MEMORANDUM OF CONVERSATION BETWEEN THE INTERNATIONAL OLYMPIC COMMITTEE PRESIDENT AND EDUARD SHEVARDNADZE, MINISTER OF FOREIGN AFFAIRS, THE USSR, REGARDING THE NEGOTIATIONS WITH NORTH KOREA ON THE 1988 OLYMPICSCITATION SHARE DOWNLOAD
get citationMemorandum of a discussion between IOC President Samaranch and Soviet Minister of Foreign Affairs, Shevardnadze. The two discuss other issues for a while before turning to the "Korea question," as Shevardnadze puts it. Samaranch explains the series of discussions and compromises that have already occurred, as well as expresses some doubt that North Korea is serious about making cooperation happen and that he'd need assurance about the "Olympic family" being able to cross the border. Shevardnadze expresses confidence that that wouldn't be a problem."Memorandum of Conversation between the International Olympic Committee President and Eduard Shevardnadze, Minister of Foreign Affairs, the USSR, regarding the negotiations with North Korea on the 1988 Olympics" January 21, 1988, History and Public Policy Program Digital Archive, International Olympic Committee Archives (Switzerland), SEOUL’ 88, POLITICAL MATTERS 1988-89; SEOUL ’88/ POLITIQUE (JANVIER – JUILLET). Obtained for NKIDP by Sergey Radchenko. http://digitalarchive.wilsoncenter.org/document/113489
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Madric, 21st January, 1988.
On 20th January 1988, I met the Soviet Minister of Foreign Affairs, Mr. Schevarnadze, during a reception given in his honour at the Palacio de Viana in Madrid by his Spanish counterpart.
During the cocktails, when the introductions took place we exchanged a few pleasantries without mentioning any critical subject. Mr. Schevarnadze told me that he clearly recalled the time spent in Moscow as Spanish ambassador.
None of this formal conversation broached the subject of the Games, and during dinner conversation turned to a completely different topic.
When the coffee arrived and when everyone was standing up, I had the chance to go over to him to congratulate him on his speech and wish him success with his trip.
He then took me by surprise by asking totally out of the blue how the Korean question was going. I told him that we were having a number of difficulties in our discussions with the DPR Korea, although we were very satisfied with the final number of inscriptions for the Games. I reminded him that we had already held four three-way meetings with the two Korean NOCs, and added that the IOC was extremely disappointed to see that the DPR Korea was turning down the exceptional offer we had made. I then said that I thought it would be very difficult to reach an agreement and how much I deplored the very low level of the North Korean negotiators who had always gone into the meetings with very strict instructions which they were forbidden to alter, be it only a comma. I reminded him that we had made the DPR Korea the offer of holding certain sports and events, an offer which we even improved after I went to Cuba and had a long interview with president Castro.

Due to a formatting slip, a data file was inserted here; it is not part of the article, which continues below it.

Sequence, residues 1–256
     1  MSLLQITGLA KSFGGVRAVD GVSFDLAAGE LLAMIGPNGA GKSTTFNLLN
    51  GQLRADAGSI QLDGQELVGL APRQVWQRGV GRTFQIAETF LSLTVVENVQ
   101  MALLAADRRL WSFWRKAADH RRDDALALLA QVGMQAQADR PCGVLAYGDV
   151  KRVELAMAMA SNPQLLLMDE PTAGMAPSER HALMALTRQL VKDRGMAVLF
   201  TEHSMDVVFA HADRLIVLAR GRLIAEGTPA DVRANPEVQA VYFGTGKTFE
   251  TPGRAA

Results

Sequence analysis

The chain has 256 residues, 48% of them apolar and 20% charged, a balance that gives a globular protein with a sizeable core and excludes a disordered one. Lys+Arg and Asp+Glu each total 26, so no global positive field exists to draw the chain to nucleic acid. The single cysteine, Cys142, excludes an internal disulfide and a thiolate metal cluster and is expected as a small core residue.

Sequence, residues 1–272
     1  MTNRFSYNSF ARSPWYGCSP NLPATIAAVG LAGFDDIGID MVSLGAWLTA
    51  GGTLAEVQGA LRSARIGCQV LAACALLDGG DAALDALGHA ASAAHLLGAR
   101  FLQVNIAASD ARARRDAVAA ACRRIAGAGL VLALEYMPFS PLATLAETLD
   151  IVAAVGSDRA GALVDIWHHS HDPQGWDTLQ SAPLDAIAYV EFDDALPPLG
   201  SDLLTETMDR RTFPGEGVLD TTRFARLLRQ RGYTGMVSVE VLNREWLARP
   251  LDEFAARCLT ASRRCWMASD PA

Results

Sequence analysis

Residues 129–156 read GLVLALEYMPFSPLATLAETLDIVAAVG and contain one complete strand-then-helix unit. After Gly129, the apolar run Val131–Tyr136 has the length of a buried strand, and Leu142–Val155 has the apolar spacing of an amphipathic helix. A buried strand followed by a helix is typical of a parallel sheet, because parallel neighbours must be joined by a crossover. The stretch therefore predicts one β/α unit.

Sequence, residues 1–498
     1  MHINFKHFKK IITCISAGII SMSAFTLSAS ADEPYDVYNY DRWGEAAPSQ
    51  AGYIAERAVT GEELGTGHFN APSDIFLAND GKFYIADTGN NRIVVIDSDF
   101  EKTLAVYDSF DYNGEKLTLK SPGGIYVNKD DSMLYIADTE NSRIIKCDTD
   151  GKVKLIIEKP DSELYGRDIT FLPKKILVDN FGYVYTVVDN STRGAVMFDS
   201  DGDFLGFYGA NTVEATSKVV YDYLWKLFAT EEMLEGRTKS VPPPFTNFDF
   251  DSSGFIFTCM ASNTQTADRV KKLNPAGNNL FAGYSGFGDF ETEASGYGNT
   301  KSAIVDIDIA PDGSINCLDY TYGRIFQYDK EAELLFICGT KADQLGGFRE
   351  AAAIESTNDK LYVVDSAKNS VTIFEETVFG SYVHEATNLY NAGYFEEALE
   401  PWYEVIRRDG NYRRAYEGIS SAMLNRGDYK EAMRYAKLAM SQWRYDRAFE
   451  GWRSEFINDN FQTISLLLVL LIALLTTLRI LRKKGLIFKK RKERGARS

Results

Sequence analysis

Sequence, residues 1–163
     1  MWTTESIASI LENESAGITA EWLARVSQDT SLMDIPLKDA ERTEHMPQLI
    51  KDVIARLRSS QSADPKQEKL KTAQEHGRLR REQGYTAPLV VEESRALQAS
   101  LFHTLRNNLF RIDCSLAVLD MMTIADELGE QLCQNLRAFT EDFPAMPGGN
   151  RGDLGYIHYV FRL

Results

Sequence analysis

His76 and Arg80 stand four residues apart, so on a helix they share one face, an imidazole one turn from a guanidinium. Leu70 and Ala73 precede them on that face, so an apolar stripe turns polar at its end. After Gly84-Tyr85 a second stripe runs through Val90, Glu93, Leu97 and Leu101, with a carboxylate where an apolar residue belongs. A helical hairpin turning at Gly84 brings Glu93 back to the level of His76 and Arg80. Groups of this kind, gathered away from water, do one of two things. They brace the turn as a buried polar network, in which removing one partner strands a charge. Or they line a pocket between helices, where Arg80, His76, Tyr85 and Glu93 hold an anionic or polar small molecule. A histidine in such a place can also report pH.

After asking me exactly which sports had been envisaged, Mr. Schevarnadze told me that this offer was in fact extremely close to what the president of the DPR Korea, Mr. Kim IL Sung, had told Mr. Gorbachev when he visited Moscow.
Mr. Schevarnadze asked if the IOC was ready to increase its offer, and I replied that we were certainly willing to continue discussions in an attempt to find an agreement. I said that I was even ready to go to Pyong Yang in person if necessary, but only on condition that I had definite assurances that the DPR Korea really did wish to reach an agreement. I added that one of the main problems that would have to be settled as a result would be getting the Olympic family across the border.
Mr. Schevarnadze then declared that he was absolutely certain that this would not present any problem, and asked me whether he could mention our conversation and make sure of the information I had just given him, to which I willingly gave my consent.
He then took his leave of me, repeating that I would soon [hear] from him through the intermediary of the representatives of the USSR in Switzerland.
Juan Antonio Samaranch